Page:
— June, 24 2019

Building a lead generation machine

Checkout how you can build a complex automated lead generation machine workflow with our platform.

Building a lead generation machine

Today, we’ll dive into a complex automated lead generation machine workflow.

This use case harnesses the power of our platform, Captain Data.

We’ll go over every step of the process so that you fully understand how it works under the hood.

Complete Process

It’s incredible to see how far we can go regarding automation and data enrichment.

Bottom line: There’s simply no limit 😅

Before diving into the full process, a bit of context about our client:

The idea here is to complete/enhance their outbound strategy (in addition to Google Ads), building a qualified leads database that is constantly up to date and enriched.

Due to how they initially built their CRM, they absolutely needed the company’s SIRET (the official company ID in France). And that does not help the process!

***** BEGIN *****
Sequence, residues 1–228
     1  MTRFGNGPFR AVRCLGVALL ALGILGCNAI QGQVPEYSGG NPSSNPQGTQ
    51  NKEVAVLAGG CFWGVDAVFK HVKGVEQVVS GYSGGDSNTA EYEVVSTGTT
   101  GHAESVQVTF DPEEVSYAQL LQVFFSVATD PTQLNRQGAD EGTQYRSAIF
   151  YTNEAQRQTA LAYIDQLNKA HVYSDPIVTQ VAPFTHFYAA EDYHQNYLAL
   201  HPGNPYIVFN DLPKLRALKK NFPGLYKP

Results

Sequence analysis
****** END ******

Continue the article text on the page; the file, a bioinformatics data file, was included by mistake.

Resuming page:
Let’s dive into all the steps.

Lead Generation Machine Process

Yeah, it's complicated.

Search companies on LinkedIn Sales Navigator (1)

It’s important to understand why you would start by searching for companies (“Accounts”).

Our client is using an account-based marketing approach due to how they segmented the market and organized sales: by region and company size.

This means sales representatives have a clear understanding of who and how they target leads.

There are also other factors, such as industry, that impact how they approach each company.

All-in-all, they identified specific account targets which they then filter according to a few personas (i.e. the “office manager”).

The first job is to manually fine-tune the search on Sales Navigator. This is one of many examples:

Sales Navigator Accounts Search

Here, we’re specifically looking at small Internet companies that are growing rapidly.

That’s also why we recommend that our clients use Sales Navigator: although the tool can be a pain to use, LinkedIn still has the best B2B database, and with Sales Nav you get a better search experience.

Extract each company profile (3)

Pretty straight forward: you don’t want to stick with the search data, which is pretty limited, so here we gather the complete company’s profile.